I got to go hear Marilynne Robinson in Orem last night. Her book, Gilead, which won the Pulitzer prize, and its companion novel, Home, have moved me deeply, and I was eager to hear from her, to see what kind of person, what kind of mind, these books came out of. One thing that made me especially curious was the fact that she was a woman, because those two books are so predominantly male. Home’s main POV character is female, but the voice does not feel very female, and the true focus of the book is not Glory but her brother Jack. How does a female writer feel so confident writing so much about men? I was also curious about how Robinson even got the nerve to write these books, because they are so very literary (in that there is hardly any outward plot at all) and so unlike the kinds of things that get published. I wanted to know about her background in fiction, what kinds of things she reads and what her goals were as she wrote, to help me understand how a writer can so thoroughly throw out all the rules you hear from agents/publishers about keeping the action going, having conflicts on every page, etc. I wanted to listen to her as a writer, as someone who might, potentially, want to write like her someday, with similar subject matter that is so heavily internal.
First of all, I was a little disappointed that she took a large portion of the time to read to us from Gilead. I wanted to hear her speak, not hear her read words that I had at home and could read to myself any time. I wanted to hear so much about how she could come to sit down to the endeavor that was these two novels. I was selfish, I know. The question-and-answer period helped me get some ideas, anyway. Here are some of the notes I took:
On the subject of how she came to choose Reverend Ames’s story to tell (or any of her novels): “The voice just comes to me, I don’t know from where.” This is interesting and disappointing to me. Disappointing because I NEVER GET VOICES. I have had friends tell me they hear voices, or are haunted by their characters, and I am so very envious. How can I get that? All my characters really turn out to be me in different disguises, and that is my greatest weakness. I am too cerebral, left-brained, controlling, conscious, whatever. I want to loose that need to always be in control and get tap into the world of the other, the Jungian cloud above us that is full of ideas, or my own subconscious. But I don’t know how! Can I pray to be haunted?
She talked about how, during the writing of Gilead, she would spend her day working (at something else) but have in the back of her mind the happy thought that she would get to go home and spend time with John Ames. This must have been an amazing feeling.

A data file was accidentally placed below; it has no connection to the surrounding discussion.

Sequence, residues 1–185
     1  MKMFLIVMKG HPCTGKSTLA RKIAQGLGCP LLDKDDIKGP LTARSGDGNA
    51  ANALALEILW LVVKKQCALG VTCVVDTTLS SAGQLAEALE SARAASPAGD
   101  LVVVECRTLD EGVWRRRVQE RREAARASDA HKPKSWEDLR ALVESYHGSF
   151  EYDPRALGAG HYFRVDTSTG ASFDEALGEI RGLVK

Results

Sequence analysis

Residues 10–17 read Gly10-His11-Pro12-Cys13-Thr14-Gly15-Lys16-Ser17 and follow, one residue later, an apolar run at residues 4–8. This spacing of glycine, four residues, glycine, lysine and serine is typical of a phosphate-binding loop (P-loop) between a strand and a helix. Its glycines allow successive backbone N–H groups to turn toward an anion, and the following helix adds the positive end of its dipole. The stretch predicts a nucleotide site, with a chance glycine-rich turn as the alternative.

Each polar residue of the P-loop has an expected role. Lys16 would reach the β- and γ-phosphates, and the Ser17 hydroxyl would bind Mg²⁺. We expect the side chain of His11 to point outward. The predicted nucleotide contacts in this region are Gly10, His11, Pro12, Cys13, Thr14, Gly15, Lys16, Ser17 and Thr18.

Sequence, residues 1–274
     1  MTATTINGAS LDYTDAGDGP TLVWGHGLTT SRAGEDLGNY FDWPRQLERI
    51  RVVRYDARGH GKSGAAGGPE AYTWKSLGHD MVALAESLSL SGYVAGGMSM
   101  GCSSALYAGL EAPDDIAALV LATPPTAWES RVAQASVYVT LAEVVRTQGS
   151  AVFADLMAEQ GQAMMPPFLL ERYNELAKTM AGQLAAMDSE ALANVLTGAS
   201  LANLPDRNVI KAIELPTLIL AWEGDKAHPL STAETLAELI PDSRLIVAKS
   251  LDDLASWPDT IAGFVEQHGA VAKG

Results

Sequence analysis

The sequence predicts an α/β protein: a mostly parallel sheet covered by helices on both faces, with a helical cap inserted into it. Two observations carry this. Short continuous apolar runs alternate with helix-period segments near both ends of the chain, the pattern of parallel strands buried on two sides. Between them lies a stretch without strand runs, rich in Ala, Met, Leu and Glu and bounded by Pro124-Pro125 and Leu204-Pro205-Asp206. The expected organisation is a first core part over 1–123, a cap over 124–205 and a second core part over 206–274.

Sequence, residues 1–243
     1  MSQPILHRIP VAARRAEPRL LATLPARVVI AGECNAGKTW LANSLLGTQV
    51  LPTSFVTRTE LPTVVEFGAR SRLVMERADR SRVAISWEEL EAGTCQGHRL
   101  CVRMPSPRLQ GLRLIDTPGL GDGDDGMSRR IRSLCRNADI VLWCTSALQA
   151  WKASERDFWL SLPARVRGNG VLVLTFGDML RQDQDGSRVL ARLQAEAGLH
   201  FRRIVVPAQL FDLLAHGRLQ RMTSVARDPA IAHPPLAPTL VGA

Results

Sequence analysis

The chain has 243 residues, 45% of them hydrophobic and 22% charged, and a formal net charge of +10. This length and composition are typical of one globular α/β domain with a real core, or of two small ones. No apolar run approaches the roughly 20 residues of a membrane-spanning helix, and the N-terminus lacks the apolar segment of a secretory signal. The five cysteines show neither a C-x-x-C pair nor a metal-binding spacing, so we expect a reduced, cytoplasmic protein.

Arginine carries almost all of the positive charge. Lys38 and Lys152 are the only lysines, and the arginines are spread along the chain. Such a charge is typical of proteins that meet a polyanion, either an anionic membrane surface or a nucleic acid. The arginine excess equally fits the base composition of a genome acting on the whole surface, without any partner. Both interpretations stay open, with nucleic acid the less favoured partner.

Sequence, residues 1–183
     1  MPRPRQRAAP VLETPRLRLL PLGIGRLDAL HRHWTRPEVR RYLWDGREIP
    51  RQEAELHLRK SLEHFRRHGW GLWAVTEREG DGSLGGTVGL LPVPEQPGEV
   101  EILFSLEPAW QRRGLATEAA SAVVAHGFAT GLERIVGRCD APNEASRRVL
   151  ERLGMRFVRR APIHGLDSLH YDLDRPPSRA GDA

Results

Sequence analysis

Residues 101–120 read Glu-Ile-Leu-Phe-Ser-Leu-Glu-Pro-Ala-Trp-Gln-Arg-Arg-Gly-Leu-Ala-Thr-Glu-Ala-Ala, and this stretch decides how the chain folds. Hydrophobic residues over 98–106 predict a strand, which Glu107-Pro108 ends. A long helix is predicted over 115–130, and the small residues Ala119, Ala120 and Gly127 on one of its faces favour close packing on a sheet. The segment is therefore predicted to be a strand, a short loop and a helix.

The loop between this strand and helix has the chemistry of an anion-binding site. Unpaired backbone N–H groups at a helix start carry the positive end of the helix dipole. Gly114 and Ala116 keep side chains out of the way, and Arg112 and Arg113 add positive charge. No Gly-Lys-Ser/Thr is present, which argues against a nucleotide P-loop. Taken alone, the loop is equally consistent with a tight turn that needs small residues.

Her idea for the novel began with her own interests. She had a great interest in 19th century culture, especially vernacular hymns. So I ask myself, where are my interests? What am I very interested in that could lead to an idea for a novel?
I asked her about Jack’s story (Home), and at what point in the construction of Gilead she had realized that Jack had his own story that needed to be told, and whether she knew that story as she wrote Gilead. She answered that “The characters [in Gilead] just wouldn’t go away. So I figured that if they were that strong, perhaps I should give them some attention.”
Again, the haunting.
In response to a question about how she had the courage to write about religious life and believing characters, she quoted statistics about how surprisingly many Americans are actually religious. Then she said, “I have to write what is on my mind. I lecture on and study theology, so that’s what I write about. Courage doesn’t really come into it.” It reminded me of something Wallace Stegner once said to Jerry Johnston when Jerry asked about whether a great Mormon novel was possible (as reported in an AML meeting many years ago): “Just tell it true.” I believe this very strongly—that a Mormon writer who writes a Mormon novel but skillfully and very, very true (meaning no propaganda or whitewashing) could succeed nationally.
Someone asked her what she reads. She mentioned Emily Dickinson, Walt Whitman and Emerson. VERY interesting. No novelists? I wonder whether that made it possible for her to write what she did. If she were constantly reading what’s being produced these days, maybe she would have told herself that no one would publish what she was writing. There may be something to be said about isolating oneself in order to keep one’s own voice and passions pure.
About craft: “Always keep something in front of the reader’s eyes. You are leading them through a world they are unfamiliar with.” I think Robinson does an amazing job of this, considering how very internal her books are. Scene, scene, scene is where it’s at. Again, I feel myself hampered by my inability to visualize.
So it was a really enjoyable evening, but it served to make me lose confidence in myself as a novelist. Is this ability to be haunted, and to visualize, something that can be learned? Should I just give up and decide to be a great appreciator? That wouldn’t be a bad life . . . And there is always my poetry, which comes so much more naturally to me, even as it also relies on scene.